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Chemical terrorism: Rapid recognition and initial medical management

James M Madsen, MD, MPH, FCAP, FACOEM, COL (ret), MC-FS, USA
Section Editors
Richard D Zane, MD
Stephen J Traub, MD
Michele M Burns, MD, MPH
Deputy Editor
James F Wiley, II, MD, MPH


Potential actions by terrorist groups span the chemical, biological, radiological, nuclear, and high explosive (CBRNE) threat spectrum [1]. This topic provides guidance for the rapid recognition and initial management of patients exposed to the chemical agents that are most likely to be used in warfare or by terrorists.

Bioterrorism and clinical features and treatment of radiation exposure, including exposure cause by acts of nuclear terrorism, are reviewed separately. (See "Identifying and managing casualties of biological terrorism" and "Clinical features of radiation exposure in children" and "Biology and clinical features of radiation injury in adults" and "Management of radiation exposure in children following a nuclear disaster" and "Treatment of radiation injury in the adult".)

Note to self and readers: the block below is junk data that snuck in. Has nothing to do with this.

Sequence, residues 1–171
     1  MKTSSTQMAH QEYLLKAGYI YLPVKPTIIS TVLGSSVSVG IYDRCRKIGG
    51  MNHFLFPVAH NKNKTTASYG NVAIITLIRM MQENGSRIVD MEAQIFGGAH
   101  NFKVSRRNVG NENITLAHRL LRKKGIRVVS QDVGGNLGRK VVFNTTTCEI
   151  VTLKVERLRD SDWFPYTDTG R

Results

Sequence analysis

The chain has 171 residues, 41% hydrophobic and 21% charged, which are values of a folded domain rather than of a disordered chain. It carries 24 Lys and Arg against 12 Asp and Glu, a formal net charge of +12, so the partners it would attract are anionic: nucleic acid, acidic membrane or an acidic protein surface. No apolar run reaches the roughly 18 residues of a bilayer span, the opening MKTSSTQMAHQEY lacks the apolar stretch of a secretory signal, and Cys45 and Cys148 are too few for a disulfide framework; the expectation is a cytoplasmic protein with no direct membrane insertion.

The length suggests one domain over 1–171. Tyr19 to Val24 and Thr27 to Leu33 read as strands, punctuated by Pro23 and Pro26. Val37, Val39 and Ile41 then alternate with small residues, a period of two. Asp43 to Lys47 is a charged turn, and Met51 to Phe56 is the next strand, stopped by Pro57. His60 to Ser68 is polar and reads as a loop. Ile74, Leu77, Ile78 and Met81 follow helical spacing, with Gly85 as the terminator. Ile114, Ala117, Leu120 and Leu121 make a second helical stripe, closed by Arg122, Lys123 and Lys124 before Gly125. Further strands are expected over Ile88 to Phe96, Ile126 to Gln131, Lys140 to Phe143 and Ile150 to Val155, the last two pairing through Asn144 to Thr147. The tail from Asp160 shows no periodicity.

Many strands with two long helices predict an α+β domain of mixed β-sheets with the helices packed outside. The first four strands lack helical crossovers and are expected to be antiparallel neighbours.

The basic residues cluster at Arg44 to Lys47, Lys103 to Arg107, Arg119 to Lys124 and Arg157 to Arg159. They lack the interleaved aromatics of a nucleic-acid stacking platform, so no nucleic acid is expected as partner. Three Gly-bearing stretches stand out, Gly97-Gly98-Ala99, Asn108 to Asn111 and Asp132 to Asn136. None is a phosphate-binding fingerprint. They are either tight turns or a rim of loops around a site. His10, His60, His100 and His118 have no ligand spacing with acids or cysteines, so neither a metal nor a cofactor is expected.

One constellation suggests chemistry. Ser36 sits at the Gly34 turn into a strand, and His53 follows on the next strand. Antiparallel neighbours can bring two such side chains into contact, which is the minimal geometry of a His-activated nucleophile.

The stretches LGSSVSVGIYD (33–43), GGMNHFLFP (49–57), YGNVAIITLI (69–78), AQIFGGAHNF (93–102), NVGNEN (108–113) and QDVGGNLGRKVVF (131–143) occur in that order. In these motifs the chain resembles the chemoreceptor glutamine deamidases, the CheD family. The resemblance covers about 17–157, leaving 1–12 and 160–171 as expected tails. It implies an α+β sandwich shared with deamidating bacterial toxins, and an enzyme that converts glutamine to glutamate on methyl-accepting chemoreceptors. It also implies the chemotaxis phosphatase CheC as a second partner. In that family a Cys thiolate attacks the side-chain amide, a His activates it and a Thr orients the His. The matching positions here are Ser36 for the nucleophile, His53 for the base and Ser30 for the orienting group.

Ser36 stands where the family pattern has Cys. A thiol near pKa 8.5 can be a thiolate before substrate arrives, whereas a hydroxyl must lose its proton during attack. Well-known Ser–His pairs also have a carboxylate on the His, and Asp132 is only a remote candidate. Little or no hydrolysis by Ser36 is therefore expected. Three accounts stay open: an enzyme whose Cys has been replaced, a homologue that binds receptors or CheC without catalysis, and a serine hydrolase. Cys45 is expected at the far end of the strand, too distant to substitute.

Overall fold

Planning and preparation for field and medical response to weapons of mass destruction are beyond the scope of this topic but are reviewed elsewhere [2-11].


The use of chemical weapons violates current international law and is governed by treaties administered by the United Nations (UN). Since 1997, the Convention on the Prohibition of the Development, Production, Stockpiling and Use of Chemical Weapons and on Their Destruction, or Chemical Weapons Convention (CWC), has been in force. The CWC is administered by the Organisation for the Prohibition of Chemical Weapons (OPCW), in The Hague, Netherlands [12].

Despite international prohibitions against the use of chemical weapons, large amounts of various agents remain available in national stockpiles in several countries, and their use against military and civilian populations has been documented as follows:

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Literature review current through: Nov 2017. | This topic last updated: Sep 13, 2017.
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